suggeststhat even moderate amounts of alcohol may be linked to high blood pressure levels. If you drink alcohol, be sure to talk with a doctor to determine whether it’s necessary to lower your intake.
There are several steps you can take that can help lower your blood pressure and support heart health, including:
- Limit sodium intake. Consuming high amounts of sodium from processed foods, salty snacks, or any other sources can increase blood pressure levels. The American Heart Association recommends ideally not consuming more than
1,500 milligramsof sodium per day.
- Follow a nutritious, well-rounded diet. Eating lots of fruits, vegetables, and whole grains can help increase your fiber intake and ensure you’re getting the nutrients you need to
supporthealthy blood pressure levels.
- Exercise regularly. Physical activity can help strengthen your heart and make it easier to reach or keep up a moderate weight, which could lower your blood pressure. Aim to get at least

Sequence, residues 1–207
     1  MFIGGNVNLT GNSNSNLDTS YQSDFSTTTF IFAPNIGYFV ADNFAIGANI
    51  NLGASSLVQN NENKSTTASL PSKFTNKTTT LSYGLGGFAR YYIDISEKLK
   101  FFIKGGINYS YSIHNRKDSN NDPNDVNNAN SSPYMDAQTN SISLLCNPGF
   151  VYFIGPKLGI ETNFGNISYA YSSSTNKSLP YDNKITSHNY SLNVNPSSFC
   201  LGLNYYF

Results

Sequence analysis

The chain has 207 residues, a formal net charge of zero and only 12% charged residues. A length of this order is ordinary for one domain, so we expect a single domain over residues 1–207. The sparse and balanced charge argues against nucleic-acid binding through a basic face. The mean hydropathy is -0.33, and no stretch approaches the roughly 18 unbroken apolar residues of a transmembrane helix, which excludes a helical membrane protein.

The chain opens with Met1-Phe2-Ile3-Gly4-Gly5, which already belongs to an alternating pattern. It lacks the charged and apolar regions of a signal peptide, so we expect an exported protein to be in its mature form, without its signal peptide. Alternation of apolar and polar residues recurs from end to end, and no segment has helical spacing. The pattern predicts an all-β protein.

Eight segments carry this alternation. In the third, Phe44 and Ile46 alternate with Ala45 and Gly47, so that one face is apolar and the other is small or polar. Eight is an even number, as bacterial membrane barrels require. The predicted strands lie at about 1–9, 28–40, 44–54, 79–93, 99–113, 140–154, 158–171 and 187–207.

150 minutesof moderate-intensity aerobic exercise per week, which includes activities such as jogging or cycling.
- If you smoke, consider quitting. While the relationship between smoking and high blood pressure is still being investigated, we do know that every time you smoke, it
does causeat least a temporary increase in your blood pressure. Smoking can also causeyour arteries to narrow and increase the risk of a heart attack and stroke, especially if you already have high blood pressure.
In addition to following a heart-healthy diet, some types of drinks may also be helpful when it comes to lowering your blood pressure.
According to research, several types of fruit and vegetable juices, as well as skim milk and green tea, may help to control your blood pressure.
If you’re concerned about your blood pressure, be sure to talk with a doctor about the best way to manage your blood pressure and heart health.